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CUTLER, CARROLL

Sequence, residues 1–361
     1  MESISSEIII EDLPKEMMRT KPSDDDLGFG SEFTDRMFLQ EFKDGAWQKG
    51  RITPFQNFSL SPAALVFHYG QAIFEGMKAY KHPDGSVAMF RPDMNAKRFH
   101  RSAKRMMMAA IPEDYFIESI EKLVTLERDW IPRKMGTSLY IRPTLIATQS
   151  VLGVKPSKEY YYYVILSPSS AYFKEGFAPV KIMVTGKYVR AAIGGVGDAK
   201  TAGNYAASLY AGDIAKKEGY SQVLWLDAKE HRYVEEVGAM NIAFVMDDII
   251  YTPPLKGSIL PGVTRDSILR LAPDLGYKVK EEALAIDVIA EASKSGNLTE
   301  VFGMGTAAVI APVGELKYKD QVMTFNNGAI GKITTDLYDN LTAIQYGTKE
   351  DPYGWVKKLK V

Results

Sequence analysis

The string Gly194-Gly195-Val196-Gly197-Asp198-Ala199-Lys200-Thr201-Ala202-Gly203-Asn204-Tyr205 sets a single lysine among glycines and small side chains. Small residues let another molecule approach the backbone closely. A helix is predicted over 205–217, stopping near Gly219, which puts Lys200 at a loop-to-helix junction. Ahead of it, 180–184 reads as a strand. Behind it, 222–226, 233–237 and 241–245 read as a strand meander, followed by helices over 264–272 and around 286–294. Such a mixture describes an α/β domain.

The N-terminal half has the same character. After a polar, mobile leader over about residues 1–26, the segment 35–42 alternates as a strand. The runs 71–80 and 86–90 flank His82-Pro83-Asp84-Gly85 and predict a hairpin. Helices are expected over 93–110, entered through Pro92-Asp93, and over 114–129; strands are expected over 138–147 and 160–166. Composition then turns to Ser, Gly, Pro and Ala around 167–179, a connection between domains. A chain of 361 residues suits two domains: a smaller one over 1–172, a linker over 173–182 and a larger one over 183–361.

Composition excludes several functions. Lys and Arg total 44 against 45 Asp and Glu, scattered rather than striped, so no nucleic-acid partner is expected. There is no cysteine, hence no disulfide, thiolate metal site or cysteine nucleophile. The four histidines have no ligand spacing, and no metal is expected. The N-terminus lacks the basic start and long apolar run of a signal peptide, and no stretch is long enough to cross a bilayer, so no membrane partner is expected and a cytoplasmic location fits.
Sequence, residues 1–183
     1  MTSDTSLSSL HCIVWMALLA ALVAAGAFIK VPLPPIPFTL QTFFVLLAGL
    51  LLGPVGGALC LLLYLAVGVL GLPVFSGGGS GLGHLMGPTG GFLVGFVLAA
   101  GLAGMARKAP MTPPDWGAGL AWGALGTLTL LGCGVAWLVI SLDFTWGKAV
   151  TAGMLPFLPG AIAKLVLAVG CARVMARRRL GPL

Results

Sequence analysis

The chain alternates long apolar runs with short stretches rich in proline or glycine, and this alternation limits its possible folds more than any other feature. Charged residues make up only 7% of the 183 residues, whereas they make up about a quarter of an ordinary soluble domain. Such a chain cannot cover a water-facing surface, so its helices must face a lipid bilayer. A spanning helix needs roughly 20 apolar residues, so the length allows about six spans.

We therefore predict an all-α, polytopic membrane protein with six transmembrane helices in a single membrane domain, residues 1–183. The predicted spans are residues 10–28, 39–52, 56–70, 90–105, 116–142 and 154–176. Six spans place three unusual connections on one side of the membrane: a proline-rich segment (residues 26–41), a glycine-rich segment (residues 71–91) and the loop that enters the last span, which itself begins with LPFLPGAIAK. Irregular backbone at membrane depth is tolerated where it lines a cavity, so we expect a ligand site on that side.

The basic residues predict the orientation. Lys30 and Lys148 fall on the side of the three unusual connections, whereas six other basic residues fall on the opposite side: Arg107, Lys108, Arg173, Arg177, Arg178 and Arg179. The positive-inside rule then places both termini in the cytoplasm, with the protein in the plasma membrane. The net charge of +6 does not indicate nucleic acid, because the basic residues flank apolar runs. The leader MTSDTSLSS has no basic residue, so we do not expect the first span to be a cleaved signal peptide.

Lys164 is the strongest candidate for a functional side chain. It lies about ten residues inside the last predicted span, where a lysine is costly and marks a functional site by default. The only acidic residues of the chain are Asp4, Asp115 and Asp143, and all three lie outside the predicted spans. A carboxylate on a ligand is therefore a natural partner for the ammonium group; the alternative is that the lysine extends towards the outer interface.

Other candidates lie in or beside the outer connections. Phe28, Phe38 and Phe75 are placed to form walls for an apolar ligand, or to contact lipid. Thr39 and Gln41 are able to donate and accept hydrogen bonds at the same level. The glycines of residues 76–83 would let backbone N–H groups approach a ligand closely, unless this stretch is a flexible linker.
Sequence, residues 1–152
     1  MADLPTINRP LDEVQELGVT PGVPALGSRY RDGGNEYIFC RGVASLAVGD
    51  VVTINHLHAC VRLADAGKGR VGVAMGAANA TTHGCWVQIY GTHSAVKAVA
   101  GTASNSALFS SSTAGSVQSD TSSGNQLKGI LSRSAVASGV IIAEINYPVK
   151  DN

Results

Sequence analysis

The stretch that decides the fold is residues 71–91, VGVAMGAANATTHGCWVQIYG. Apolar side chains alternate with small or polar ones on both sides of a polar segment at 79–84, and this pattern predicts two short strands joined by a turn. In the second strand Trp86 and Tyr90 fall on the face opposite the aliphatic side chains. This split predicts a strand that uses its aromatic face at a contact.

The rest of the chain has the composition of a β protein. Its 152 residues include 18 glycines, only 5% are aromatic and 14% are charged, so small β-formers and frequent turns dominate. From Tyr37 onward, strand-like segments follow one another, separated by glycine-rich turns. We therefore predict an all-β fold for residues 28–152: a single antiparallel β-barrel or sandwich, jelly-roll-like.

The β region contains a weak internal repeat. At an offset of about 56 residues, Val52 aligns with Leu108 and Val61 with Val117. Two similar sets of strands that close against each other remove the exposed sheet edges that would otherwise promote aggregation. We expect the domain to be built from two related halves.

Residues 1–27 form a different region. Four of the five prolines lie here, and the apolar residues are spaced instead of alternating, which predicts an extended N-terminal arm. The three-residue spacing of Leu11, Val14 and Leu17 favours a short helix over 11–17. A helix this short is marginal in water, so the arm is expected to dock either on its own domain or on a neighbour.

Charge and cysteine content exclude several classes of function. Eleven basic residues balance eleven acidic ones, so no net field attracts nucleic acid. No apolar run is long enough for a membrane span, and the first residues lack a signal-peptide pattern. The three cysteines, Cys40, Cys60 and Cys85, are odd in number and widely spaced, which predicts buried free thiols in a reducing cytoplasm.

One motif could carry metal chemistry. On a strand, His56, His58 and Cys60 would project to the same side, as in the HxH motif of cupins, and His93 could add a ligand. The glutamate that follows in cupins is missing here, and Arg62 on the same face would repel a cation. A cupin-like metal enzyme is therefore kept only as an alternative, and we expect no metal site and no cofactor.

CUTLER, CARROLL (31 Jan. 1829-25 Jan. 1894) presided over Western Reserve College (see CASE WESTERN RESERVE) during that institution's removal from Hudson, O., to Cleveland. The son of Rev. Calvin and Rhoda Little Cutler, he was a native of Windham, N.H. A graduate of Yale College and Yale Divinity School, he married Frances Gallagher of Orange, N.J., in 1858. Cutler then continued his studies for a year in Germany before joining the Western Reserve faculty in 1860. Regarded as the faculty's foremost scholar, he taught philosophy and natural theology among several other subjects. His publications included Purposes of College Studies (1874), A History of Western Reserve College in its First Half Century (1876), and The Beginnings of Ethics (1889). After a year as acting president, Cutler was appointed as the college's 4th president in 1871. Although he liberalized the curriculum in the direction of increased emphasis on sciences and modern languages, he was less successful as an administrator and fund-raiser. His most memorable initiative was the admission of women to the student body on equal terms with men. One of those who benefitted was his only child, Susan Rhoda Cutler, who graduated as valedictorian of her class in 1885. Cutler personally would have preferred to see the college remain in Hudson but supported the trustees once the decision to move to Cleveland in 1882 had been reached. Resigning the presidency in 1886 following a faculty rebellion against co-education, he left the university in 1889. Cutler had always been an ardent abolitionist, and he spent his remaining years teaching at small Negro colleges in Charlotte, N.C., and Talledega, Ala. He died in the latter town, survived by his wife and daughter, and was returned for burial in Hudson.